Microsoft has worked on some incredible research projects over the years, from desks with holographic displays, to a full room augmented reality effort reminiscent of the holodeck. This time around, Microsoft Research has focused its efforts on new forms of long-term data storage, with Project Silica storing data on quartz glass.
Project Silica uses recent discoveries in high speed laser optics and AI to store data in quartz glass. As a proof of concept, Microsoft teamed up with Warner Bros to store Superman: The Movie on a glass panel roughly the size of a drink coaster, coming in at 75x75mm and 2mm thick. The full movie ended up being 75.6GB in size and was also successfully read back once stored, making this a big milestone.
The whole process works by using a laser to encode data in glass by “creating layers of 3D nanoscale gratings and deformations at various depths and angles”. Then, a computer controlled microscope shines light through the glass and reads the data back. A machine learning algorithm is used to point the microscrope in the right direction and then decode data as it is being read. While other forms of optical data storage degrade over time, Project Silica aims to be a more long-lasting form of data storage.
According to Microsoft, this glass can withstand boiling hot water, being baked in an oven or microwave, floods, demagnetisation and other environmental threats. With all of that protection in place, Project Silica seems like the next step for long-term data storage. Warner Bros was particularly interested in getting involved with Microsoft's project, as the studio looks to safeguard historical films like Superman, Casablanca and others currently stored on ageing film reels.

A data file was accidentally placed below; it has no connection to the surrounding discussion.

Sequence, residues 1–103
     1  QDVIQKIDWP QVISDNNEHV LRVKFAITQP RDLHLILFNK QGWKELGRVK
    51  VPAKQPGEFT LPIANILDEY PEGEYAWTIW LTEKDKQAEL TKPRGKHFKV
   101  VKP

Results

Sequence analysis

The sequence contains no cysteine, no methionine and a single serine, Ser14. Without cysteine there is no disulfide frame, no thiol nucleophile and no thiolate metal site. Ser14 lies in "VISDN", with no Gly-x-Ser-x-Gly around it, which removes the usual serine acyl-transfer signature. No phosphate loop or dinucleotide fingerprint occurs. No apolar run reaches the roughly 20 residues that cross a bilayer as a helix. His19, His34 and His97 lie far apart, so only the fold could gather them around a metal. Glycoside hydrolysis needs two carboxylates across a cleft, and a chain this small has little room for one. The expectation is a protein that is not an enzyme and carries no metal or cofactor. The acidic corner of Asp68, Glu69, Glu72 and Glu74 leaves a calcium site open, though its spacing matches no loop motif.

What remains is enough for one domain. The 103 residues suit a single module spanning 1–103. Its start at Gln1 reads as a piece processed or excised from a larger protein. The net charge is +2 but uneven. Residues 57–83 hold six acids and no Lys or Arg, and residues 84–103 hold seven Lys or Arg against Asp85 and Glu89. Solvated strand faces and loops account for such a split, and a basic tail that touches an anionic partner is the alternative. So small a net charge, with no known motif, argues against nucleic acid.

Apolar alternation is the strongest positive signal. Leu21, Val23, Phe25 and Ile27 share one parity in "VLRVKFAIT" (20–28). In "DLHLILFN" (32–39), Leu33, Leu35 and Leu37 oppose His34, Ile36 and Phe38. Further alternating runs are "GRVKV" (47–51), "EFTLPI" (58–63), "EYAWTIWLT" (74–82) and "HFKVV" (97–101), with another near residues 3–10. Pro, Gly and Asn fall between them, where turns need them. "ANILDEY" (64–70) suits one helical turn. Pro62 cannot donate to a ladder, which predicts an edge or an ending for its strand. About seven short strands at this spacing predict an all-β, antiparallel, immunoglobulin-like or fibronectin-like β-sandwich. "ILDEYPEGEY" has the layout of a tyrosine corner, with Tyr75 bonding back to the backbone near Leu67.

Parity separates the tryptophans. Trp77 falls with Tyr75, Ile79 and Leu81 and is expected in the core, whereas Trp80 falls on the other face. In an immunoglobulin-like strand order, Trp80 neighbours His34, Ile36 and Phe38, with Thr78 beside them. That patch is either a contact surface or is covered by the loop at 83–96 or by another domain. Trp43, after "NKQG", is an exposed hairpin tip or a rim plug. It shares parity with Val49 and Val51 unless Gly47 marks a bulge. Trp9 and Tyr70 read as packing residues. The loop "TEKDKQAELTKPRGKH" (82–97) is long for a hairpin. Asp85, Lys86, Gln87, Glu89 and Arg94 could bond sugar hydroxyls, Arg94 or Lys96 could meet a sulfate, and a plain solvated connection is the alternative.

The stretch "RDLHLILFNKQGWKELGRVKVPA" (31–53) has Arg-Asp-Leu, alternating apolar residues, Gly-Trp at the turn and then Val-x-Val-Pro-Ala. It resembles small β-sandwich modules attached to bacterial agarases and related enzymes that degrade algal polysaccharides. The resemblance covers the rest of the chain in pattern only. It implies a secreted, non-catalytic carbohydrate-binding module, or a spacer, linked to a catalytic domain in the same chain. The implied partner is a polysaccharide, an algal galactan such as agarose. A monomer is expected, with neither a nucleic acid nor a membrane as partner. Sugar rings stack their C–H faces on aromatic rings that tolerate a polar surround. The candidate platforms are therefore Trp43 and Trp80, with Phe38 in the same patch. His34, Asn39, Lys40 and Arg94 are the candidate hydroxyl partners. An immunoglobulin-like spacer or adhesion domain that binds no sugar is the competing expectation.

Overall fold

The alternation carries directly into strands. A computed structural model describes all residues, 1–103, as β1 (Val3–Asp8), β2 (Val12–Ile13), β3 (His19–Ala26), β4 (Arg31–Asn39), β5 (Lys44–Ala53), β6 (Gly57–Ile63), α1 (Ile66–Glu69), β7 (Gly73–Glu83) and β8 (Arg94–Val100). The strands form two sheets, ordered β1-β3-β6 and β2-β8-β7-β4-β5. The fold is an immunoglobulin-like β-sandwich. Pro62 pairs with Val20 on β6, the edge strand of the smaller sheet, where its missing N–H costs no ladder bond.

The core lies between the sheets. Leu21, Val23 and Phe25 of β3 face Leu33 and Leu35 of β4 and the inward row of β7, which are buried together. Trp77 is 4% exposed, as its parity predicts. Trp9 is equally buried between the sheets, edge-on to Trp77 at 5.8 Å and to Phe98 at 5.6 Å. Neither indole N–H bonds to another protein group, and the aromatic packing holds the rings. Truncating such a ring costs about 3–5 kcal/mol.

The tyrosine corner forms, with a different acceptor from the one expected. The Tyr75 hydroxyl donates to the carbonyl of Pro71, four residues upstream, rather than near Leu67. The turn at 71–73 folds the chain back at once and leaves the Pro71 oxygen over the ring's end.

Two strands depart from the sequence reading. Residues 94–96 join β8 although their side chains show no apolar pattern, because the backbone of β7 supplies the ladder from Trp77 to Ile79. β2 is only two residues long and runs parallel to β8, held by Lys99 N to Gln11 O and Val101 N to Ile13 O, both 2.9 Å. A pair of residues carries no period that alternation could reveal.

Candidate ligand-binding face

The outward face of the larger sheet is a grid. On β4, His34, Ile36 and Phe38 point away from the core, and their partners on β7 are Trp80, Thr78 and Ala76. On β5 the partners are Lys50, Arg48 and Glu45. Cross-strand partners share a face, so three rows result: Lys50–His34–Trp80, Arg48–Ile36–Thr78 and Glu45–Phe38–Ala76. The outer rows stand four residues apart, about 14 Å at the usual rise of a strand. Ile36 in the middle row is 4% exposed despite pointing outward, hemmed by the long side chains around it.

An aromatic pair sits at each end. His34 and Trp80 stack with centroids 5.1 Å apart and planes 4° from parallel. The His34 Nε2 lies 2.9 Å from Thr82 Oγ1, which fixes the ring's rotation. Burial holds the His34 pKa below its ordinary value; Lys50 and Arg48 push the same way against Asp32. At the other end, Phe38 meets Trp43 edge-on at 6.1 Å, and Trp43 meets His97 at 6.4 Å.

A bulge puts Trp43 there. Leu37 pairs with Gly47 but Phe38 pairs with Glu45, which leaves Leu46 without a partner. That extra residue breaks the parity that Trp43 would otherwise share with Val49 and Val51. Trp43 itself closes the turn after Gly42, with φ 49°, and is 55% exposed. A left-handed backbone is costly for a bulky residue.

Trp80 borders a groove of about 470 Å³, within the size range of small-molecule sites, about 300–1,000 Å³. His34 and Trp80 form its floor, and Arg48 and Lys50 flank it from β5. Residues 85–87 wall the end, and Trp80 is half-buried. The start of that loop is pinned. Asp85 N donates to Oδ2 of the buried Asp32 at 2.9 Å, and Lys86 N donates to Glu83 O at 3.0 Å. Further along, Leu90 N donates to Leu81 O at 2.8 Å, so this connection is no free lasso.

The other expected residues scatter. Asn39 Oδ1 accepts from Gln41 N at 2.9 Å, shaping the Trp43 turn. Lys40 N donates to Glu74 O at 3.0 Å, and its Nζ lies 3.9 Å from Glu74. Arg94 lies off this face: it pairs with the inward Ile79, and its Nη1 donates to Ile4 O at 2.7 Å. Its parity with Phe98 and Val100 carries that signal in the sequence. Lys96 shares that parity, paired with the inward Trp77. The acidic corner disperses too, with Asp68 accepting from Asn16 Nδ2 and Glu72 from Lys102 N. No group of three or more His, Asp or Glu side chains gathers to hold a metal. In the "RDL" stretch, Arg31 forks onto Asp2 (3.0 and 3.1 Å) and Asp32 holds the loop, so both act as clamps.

Mark Russinovich, Microsoft Azure’s chief technology officer, labelled the Superman transfer as a major milestone, adding that this proof of concept means “we're now in a phase where we're working on refinement and experimentation, rather than asking the question ‘can we do it?'”
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KitGuru Says: Project Silica is incredibly interesting. Traditionally, we all store our data on HDDs or SSDs and eventually migrate those files over to a new drive once signs of old age start to appear. With Project Silica, the theory is that data would only need to be written once and then the physical glass would last hundreds of years. These are still early days, but this seems like a promising step for future generations of physical data storage.